The time interval free of biochemical failure (IBF) may be a promising surrogate end point in the setting of androgen-deprivation therapy (ADT) evaluation in men with prostate cancer, according to researchers at the University of Chicago. They reported in The Journal of Clinical Oncology that IBF may serve as a valid end point in clinical trials and may also aid in risk monitoring after initial treatment.1  

The investigators found that the length of the IBF could have a major bearing on trial duration. They cited several trials where findings could have been revealed 3 to 5 years earlier, if the IBF interval had been adopted and used a surrogate measure. James Dignam, PhD, the Department of Public Health Sciences, the University of Chicago, Chicago, Illinois, and colleagues conducted a trial with 1520 men that compared short-term ADT (4 months) with long-term ADT (28 months).They evaluated the IBF in relation to clinical end points of prostate cancer–specific survival (PCSS) and overall survival (OS).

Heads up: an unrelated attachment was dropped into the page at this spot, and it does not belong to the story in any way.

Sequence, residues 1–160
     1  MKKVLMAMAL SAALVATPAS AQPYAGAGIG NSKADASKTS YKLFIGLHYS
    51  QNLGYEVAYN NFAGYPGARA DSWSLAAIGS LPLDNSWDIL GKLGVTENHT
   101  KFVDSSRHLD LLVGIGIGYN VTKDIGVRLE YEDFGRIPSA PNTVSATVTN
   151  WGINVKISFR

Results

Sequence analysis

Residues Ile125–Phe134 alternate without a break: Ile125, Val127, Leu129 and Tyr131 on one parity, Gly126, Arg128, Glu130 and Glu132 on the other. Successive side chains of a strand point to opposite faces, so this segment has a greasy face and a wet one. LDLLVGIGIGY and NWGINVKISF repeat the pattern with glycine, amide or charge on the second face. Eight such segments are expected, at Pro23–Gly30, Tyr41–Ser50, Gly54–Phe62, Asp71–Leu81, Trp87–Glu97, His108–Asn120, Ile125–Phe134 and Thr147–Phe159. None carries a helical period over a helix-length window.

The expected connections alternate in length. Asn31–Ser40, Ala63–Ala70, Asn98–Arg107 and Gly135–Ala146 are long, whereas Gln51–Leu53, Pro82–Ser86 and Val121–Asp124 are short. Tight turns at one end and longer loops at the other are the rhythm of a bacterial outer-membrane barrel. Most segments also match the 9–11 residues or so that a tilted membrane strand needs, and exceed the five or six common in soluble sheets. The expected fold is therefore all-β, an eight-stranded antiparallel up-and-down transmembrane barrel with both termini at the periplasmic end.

The study showed that long-term ADT was superior to short-term ADT in terms of biochemical failure (BF) and the clinical end points. The researchers found that those men who did not develop BF for 3 years had relative risk reductions of 39% for OS and 73% for PCSS. When the investigators accounted for 3-year IBF status, it reduced the long-term ADT OS benefit from 12% to 6%. With the PCSS, the long-term ADT benefit dropped from 30% to 6% at 3 years.

Continue Reading

Related Articles

The study also revealed that at 3 years, 50% of subsequent deaths attributed to prostate cancer occurred in men with BF compared with 19% of those who were free of BF. The researchers concluded that IBF appears to have a clear role in clinical decision making, and may provide guidance when more intensive surveillance or treatment is warranted.        


  1. Dignam JJ, Hamstra DA, Lepor H, et al. Time Interval to Biochemical Failure as a Surrogate End Point in Locally Advanced Prostate Cancer: Analysis of Randomized Trial NRG/RTOG 9202 [published online December 7, 2018]. J Clin Oncol. doi: 10.1200/JCO.18.00154.